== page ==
With many incidents of animal cruelty being reported, experts and Delhi-ites weigh in with their analysis, views and suggestions.
There is a possibility that some day there may be no animals on this planet. According to the IUCN, more than 28,000 species are in the threatened category meaning that they are almost on the verge of extinction.
That is just the tip of the iceberg. Animal cruelty has skyrockketed to a degree that a stray domestic animal cannot even seek shelter. Recently, a stray-dog Lucky was allegedly beaten to death by a few security guards in a Worli building in Mumbai. During the course of treatment, Lucky was in Coma and died after fighting for his life after 13 days.
The incident triggered immense anger prompting Anushka Sharma to start a campaign called #JusticeForAnimals. John Abraham too expressed empathy for Lucky in a series of tweets. Whereas, Sonam Kapoor Ahuja too took to Instagram posting a picture of Lucky severely injured Lucky.
Another incident that has made people cringe is the ongoing poaching and hunting of baby seals in Canada. But, that is not where animal cruelty ends. Last year a goat was allegedly gangraped and then died. It was also noted that the goat was pregnant.
In order to understand what causes humans to be mean to animals to the extent that they are harmed. Dr Anuneet Sabharwal, MBBS, MD, Physiatrist, says, “People may abuse animals due to lack of education and awareness, disrespect towards other beings. Animal cruelty is also regarded as an indicator of dangerous psychopathy. He then adds, “Animal cruelty in childhood is linked to anti-social and criminal behaviour later in life. In most cases,animal cruelty doesn’t feel like an immoral act to the person who commits it. There is a complete lack of insight. On the same subject, Dr Malini Saba, psychologist, says, “If someone is mean to an innocent animal, it means there is something wrong with that person. It's possible that they could be sociopaths or schizophrenic. And if they hurt animals for fun, then I think the word ‘sadist’ suits them.” She points out, “Many researchers have shown that people enjoy animal cruelty if they’re associated with Homicidal Triad which happens due to parental abuse, parental neglect and witnessing brutality.”
Triad which happens due to parental abuse, parental neglect and witnessing brutality. They learn thisantisocial behavior in their childhood from the people around them,” adds Dr Saba.
There has also been a phenomena where there have been instances which show photos and videos uploaded on social media to which Dr Sabharwal elaborates, “Repeated exposure to violence and cruelty normalises it in the person’s mind. Further still, the exposed persons are at risk of acting out similarly themselves, role modelling after what they see on social media.” Dr Saba adds, “It certainly shows that we as a human have started endorsing pain for laughter. It always shocks me to think of someone standing by with their mobile phone, filming an animal being abused and does nothing to rescue that animal. The person who likes or share these videos start enjoying the pain which is a trait of sadistic personality.”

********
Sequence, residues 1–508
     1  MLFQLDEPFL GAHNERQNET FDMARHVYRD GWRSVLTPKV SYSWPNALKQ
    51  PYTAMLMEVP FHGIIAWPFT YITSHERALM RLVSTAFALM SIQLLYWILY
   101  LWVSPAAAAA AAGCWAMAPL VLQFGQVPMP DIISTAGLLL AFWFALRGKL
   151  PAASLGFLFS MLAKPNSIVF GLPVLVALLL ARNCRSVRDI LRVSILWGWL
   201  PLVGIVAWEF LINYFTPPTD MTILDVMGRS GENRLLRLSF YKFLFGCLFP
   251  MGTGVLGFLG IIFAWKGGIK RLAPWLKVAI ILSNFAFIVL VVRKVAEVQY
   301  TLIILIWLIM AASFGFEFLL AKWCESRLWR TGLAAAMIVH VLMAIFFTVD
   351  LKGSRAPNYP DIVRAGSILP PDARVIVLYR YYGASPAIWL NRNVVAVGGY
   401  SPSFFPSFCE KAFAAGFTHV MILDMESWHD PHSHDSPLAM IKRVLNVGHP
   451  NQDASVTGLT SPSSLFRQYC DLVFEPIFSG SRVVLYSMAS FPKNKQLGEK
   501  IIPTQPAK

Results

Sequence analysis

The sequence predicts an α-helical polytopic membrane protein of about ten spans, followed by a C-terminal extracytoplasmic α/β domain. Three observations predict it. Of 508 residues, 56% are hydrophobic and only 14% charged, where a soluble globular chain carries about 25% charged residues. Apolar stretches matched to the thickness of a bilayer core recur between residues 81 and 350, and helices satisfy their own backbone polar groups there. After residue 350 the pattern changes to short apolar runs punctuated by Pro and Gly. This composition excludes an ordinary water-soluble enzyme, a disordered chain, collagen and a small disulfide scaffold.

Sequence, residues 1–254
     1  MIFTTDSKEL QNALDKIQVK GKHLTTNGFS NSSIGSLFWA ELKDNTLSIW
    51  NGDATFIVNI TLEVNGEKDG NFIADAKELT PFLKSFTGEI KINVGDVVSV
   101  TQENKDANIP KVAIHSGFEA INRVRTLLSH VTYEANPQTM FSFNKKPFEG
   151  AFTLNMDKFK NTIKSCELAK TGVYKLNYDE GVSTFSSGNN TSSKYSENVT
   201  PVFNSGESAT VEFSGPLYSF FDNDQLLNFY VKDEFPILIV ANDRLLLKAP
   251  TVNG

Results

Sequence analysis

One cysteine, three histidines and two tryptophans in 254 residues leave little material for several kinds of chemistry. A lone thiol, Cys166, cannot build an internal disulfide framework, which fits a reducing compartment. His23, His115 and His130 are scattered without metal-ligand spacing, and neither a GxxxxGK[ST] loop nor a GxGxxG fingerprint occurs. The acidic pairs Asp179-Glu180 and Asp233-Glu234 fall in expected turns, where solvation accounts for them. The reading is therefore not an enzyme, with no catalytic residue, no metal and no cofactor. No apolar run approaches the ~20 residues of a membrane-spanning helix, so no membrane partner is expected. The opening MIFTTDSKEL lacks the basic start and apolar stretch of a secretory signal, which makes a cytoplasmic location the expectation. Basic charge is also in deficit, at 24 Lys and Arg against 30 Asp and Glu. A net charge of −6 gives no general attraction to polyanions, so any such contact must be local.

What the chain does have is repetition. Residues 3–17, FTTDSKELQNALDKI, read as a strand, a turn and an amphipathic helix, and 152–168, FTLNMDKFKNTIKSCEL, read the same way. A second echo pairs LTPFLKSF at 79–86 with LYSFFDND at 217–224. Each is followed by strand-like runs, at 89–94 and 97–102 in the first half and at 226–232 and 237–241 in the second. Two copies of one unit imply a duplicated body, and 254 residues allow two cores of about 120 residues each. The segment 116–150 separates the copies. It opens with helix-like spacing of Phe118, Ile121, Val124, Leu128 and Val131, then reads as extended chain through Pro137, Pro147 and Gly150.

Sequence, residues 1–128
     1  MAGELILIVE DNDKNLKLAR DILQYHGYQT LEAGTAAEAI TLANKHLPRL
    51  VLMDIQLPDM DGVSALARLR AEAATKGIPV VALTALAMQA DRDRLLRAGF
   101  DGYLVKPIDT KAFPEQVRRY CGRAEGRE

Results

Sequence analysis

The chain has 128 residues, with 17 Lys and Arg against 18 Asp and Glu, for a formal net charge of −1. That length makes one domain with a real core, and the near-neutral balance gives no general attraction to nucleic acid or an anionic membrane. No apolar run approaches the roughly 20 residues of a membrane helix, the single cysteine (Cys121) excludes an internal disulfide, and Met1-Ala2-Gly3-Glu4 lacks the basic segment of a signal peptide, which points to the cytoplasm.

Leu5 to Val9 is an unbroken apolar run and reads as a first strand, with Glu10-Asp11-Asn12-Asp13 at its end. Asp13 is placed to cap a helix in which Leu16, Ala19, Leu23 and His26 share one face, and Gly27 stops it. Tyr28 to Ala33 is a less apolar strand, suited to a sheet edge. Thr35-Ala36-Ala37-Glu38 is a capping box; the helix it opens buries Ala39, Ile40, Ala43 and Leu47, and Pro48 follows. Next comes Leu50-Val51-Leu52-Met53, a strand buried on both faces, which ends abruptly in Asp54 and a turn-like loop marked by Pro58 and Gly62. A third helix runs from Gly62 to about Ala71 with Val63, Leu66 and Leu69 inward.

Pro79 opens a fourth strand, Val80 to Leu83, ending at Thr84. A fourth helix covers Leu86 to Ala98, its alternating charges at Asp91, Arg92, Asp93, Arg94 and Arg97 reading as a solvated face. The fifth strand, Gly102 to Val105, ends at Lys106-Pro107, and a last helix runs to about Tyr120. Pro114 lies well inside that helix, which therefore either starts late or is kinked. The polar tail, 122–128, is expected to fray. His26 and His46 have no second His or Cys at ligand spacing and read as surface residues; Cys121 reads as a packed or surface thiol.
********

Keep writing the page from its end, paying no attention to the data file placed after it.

Divya Parthasarathy, founder, Tails of Compassion and an activist, feels that incidents of cruelty may not have increased in the last couple of years but they have been reported more openly. “We are looking at the world with a very distorted lens. It is almost like a pyramid that we are like self-proclaimed beings,” she says. She feels that there are two ways where people can made to love animals. She believes that law enforcement may not make someone love animals, but it is something that is enough to instill fear amongst those who would think of indulging in activities related to cruelty. She also does not define cruelty as abuse solely.
She cites the example of Jallikattu (bullfighting in Tamil Nadu) wherein she met a person who is a dog lover but is okay with jallikattu. “It’s like culturally conditioned compassion. You like dogs, you feel pain then what about the bull?”
She points out that people are not even aware that they are causing harm to animals in their activities. “The sacrifices we have during festivals, people talk about a certain festival but what about other festivals? That’s where the problem is; people bring in religious sentiments; it’s not about religion, it’s about cruelty.”
Vidhi Panwar, an animal lover expresses, “The whimpering of stray animals on the street is not a foreign sound to many of us living in India. Despite the stringent laws were created to protect the voiceless, animals in India are victim to violence and abuse. The overall lack of compassion and empathy is what I would attribute to the heartlessness shown towards animals.’
Another animal lover, Khyati Arora, expresses, “People don't understand that animals needs the most care as they can't express their feelings which most of the humans are privileged.” She then adds, “Each and every animal needs care and help to have a healthy growth and life. From food to physical and mental health.”
Dr Saba suggests, “There is no easy solution for preventing animal cruelty, it’s directly linked with the parents and upbringing environments. Parents should have pro-social behavior like feeding birds, treating pets as a member of the family, can make a positive lasting impression on children.”